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The farther along we follow the Wild Lost Line the more chaotic it becomes. In parts it looks as if Morli was interrupted during hanging of her works. This picture for example sticks out of the “ground” in an angle, a wild angle.

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Ooops. 😮 first I was under the impression the lines of this piece were drawn on a white  canvas, when in  reality they were floating free in front of it. I guess Morlita is one of the best 3D artists in SL. The way she plays with our perception, how she tricks us, is exceptional. We really have to get into the piece to get it, to decipher Morli’s artwork.

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Another example of her chaos in order or order in chaos mentality. In a rather straight and rectangular exhibition she dares to destroy the order of things. I guess it’s her latin anarchistic mind, and I love it!

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As I mentioned already, most of Morlita’s singular drawings are pretty strong design objects themselves. I wouldn’t mind having this hanging in my lounge. Since Morli is a RL artist I guess this piece is even on the market but prolly quite a bit above my paygrade. Parttime Orcablog contributors don’t earn that much. 😦

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And another trick: Knowing quite well we’re in 2000 meter height I mistook this blue floor for a piece of sky and at first didn’t dare treading on it. But it’s quite secure. 😉

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At this part of the Wild Lost Line we get presented some really good singular paintings. And again it’s the almost biological looks and feel of the pictures that draws me towards them.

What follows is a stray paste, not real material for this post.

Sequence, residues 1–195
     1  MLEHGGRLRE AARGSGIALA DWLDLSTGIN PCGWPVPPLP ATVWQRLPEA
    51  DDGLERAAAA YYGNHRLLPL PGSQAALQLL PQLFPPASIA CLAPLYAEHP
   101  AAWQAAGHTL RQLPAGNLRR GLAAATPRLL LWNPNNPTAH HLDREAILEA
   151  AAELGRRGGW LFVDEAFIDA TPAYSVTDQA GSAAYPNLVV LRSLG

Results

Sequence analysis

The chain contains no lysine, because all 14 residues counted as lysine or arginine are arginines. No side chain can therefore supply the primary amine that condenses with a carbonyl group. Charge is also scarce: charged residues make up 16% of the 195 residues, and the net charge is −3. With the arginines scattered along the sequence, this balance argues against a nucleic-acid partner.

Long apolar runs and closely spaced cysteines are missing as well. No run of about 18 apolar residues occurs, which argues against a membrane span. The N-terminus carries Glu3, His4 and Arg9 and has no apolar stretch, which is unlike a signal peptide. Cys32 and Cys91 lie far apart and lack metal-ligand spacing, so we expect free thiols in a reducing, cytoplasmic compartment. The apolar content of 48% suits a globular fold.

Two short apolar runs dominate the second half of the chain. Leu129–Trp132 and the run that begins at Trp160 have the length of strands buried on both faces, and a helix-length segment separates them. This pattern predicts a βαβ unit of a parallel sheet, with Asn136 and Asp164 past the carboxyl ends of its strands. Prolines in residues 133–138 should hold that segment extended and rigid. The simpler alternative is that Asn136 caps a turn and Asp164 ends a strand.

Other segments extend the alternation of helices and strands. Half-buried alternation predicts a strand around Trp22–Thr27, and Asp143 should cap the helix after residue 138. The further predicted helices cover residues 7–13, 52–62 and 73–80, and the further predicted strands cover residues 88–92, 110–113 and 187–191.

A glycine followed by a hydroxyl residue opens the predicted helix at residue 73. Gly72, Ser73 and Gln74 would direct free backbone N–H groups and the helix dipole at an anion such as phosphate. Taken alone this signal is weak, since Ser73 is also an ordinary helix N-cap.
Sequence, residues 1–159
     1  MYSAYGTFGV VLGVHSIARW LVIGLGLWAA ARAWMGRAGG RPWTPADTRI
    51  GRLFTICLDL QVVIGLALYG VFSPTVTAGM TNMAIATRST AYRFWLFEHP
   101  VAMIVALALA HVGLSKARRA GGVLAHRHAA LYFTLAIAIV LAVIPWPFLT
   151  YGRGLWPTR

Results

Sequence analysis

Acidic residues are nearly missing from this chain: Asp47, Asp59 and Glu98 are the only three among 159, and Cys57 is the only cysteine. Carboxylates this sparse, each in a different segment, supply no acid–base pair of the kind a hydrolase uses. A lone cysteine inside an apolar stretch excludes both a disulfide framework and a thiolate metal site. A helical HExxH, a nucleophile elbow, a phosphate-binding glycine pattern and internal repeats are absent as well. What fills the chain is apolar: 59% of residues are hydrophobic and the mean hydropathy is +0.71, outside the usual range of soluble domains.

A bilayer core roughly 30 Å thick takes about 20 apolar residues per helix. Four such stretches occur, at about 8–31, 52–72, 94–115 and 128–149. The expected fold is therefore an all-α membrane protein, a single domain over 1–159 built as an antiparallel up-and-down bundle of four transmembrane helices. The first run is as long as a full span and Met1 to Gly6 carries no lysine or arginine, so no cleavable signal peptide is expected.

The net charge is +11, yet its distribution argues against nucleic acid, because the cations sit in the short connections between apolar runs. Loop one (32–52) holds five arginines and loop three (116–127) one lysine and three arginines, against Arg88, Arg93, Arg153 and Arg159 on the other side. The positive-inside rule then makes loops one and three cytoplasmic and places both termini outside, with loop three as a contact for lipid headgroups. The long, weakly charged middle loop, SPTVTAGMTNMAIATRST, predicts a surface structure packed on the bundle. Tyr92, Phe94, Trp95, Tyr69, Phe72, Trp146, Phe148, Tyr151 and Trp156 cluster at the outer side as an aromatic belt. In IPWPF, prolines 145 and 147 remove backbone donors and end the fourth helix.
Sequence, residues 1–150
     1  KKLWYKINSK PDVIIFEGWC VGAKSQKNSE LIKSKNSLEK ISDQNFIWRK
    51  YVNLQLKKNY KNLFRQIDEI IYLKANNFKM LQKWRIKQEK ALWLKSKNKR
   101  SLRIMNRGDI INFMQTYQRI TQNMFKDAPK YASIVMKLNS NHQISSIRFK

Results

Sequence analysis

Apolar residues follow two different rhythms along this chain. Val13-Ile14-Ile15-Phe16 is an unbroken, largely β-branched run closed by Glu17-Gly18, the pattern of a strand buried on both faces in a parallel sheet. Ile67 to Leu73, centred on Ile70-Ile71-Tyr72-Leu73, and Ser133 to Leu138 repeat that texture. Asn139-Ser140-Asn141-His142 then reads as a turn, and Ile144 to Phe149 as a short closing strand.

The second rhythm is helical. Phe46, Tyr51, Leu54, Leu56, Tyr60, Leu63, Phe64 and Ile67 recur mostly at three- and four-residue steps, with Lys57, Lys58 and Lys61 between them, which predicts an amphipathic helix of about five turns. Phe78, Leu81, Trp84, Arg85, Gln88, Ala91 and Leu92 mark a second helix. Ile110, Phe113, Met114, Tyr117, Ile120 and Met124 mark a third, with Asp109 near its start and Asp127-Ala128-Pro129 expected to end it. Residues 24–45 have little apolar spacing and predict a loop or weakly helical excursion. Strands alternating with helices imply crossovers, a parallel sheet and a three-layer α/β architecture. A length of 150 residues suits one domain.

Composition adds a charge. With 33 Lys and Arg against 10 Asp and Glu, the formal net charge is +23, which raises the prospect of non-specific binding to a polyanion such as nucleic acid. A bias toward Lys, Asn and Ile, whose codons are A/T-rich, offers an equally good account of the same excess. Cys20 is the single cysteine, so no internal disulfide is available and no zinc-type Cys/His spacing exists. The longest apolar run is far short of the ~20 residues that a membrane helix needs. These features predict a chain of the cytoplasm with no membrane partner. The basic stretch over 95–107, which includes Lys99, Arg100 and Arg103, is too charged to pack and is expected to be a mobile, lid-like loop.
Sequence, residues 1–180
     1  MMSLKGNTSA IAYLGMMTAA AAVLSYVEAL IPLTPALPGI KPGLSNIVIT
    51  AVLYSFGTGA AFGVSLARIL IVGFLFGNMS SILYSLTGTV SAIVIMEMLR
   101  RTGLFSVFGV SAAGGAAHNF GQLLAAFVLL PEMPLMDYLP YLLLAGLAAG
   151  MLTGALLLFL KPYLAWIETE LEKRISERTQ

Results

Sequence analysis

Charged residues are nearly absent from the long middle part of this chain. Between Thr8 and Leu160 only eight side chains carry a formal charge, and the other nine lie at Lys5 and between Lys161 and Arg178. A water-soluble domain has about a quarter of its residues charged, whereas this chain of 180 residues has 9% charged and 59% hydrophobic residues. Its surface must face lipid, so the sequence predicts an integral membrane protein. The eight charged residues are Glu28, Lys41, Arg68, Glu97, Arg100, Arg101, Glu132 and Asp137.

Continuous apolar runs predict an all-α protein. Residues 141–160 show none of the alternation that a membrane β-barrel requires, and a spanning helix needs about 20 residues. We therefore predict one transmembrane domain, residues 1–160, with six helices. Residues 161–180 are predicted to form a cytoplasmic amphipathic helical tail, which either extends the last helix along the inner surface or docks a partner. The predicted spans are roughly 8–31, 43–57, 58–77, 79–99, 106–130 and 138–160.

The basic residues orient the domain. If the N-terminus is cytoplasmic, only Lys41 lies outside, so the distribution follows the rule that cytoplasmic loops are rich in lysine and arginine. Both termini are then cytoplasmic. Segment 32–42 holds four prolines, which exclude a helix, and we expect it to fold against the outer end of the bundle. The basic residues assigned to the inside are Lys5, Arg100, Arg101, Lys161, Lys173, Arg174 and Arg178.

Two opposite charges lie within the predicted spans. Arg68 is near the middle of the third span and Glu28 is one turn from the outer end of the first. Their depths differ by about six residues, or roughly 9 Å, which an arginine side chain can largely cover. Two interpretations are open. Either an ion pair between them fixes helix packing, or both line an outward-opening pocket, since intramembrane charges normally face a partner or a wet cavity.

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When you get closer you notice how huuuge they really are. I got many houses in SL but not a single one with walls tall enough to hang such a painting. 😮

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The semi-transparency of many pieces illustrates the multidimensionality of the exhibit.

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Particularly clear it becomes when we follow this blue pathway. What looks pretty geometrical at first is in fact rather imperfect, with strange angles and partly uneven floor.

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Morlita is much too clever and has too good an eye for these imperfections to be accidental. No, it must be her hispanic anarchic nature hard at work here. I assume these little glitches in the matrix are part of the program.

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We know those 3D boxes from OrCafé. Try to sit in the chair and …

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… get TP’d to another exciting level.

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Or rather not so exciting but on this level we find a nice relaxing meditation spot with a soothing soundloop.

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Aaaaaaauuuuuuummmmmmm …

This is the perfect way to wind down after the design onslaught on our senses. Wanna know more about Wild Lost Line and Morlita Quan, read Inara Pey’s blog or go directly to MetaLES.